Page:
NZ dollar edges up as tepid inflation keeps rate hike pressure off RBNZ

The New Zealand dollar edged up in local trading as the lowest annual pace of inflation in 14 years gives the Reserve Bank room to keep interest rates on hold, as rising construction costs stay contained.

The kiwi rose to 78.28 US cents at 5pm in Wellington from 78.08 cents at 8am and 78.14 cents yesterday. The trade-weighted index traded at 74.35 from 74.26 yesterday.

Government figures showed the consumers price index rose at an annual 0.7 percent pace in the June quarter, the lowest level since 1999 and the fourth quarter it's been below the central bank's target band of between 1 percent and 3 percent. Cheap imported petrol has kept a lid on general inflation, and rising pressures in housing related prices haven't seeped into general price rises.

"Our forecast is for the kiwi dollar to be lower over the next year, and we have to factor in the dampening impact of the tradable sector is not going to be there," said Chris Tennent-Brown, FX economist at Commonwealth Bank of Australia in Sydney. "There's not really too much (in the CPI) to change people's expectation for the RBNZ."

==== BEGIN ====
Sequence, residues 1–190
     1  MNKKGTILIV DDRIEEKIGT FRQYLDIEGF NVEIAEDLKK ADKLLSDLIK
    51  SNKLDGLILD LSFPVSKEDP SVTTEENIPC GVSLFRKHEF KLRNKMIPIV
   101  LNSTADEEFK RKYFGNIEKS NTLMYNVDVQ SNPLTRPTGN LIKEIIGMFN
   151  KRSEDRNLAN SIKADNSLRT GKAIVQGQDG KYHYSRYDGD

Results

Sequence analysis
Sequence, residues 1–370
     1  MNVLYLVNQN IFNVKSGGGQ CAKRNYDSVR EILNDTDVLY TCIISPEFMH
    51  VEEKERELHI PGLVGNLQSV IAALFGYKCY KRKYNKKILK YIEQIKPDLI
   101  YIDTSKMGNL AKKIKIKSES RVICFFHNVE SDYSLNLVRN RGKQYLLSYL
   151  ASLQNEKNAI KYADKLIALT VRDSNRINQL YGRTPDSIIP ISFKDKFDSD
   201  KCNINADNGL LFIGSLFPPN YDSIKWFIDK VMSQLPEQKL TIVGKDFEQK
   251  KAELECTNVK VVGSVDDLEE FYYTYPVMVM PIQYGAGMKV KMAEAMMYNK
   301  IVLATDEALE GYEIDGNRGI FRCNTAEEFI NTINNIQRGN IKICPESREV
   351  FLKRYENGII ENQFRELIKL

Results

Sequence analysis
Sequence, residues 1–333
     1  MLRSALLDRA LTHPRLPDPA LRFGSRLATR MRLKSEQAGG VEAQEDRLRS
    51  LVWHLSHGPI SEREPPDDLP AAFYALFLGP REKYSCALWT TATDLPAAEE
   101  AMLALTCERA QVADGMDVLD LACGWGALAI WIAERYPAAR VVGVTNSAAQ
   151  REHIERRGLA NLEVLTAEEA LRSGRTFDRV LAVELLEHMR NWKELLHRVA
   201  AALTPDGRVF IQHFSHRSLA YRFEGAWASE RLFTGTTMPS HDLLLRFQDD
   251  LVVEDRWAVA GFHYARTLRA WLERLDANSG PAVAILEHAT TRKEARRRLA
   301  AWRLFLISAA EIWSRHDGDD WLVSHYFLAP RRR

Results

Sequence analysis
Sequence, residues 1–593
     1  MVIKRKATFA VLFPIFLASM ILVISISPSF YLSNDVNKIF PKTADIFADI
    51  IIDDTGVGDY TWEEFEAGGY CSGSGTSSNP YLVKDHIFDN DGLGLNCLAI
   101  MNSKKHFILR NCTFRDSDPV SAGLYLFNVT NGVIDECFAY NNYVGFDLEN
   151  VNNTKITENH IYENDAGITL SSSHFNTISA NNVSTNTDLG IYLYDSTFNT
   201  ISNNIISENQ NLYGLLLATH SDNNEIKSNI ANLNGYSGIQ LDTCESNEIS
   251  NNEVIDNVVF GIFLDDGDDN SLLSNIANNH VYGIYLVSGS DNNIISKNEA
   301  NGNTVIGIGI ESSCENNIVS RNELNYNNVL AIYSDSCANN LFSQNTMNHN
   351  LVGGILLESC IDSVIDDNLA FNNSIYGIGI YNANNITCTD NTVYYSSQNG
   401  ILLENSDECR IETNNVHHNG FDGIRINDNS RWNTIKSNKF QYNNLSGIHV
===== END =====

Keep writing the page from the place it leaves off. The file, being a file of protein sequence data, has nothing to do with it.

The next major event for traders will be Federal Reserve chairman Ben Bernanke's semi-annual testimony to the House of Representatives on July 17 and 18 in Washington.

The local currency fell to 85.39 Australian cents at 5pm in Wellington from 85.90 cents yesterday after minutes to the Reserve Bank of Australia's July 2 meeting said a weaker currency and previous rate cuts meant the 2.75 percent level was still appropriate. The minutes still left the door open for a future rate cut. The Australian dollar rose to 91.65 US cents at 5pm in Wellington from 91.07 cents yesterday.

"Some people must have been looking for the RBA to be slightly more dovish than that," Tennent-Brown said.

The kiwi rose to 78.09 yen from 77.57 yen. It was little changed at 59.87 euro cents from 59.77 cents yesterday and increased to 51.82 British pence from 51.67 pence.

(BusinessDesk)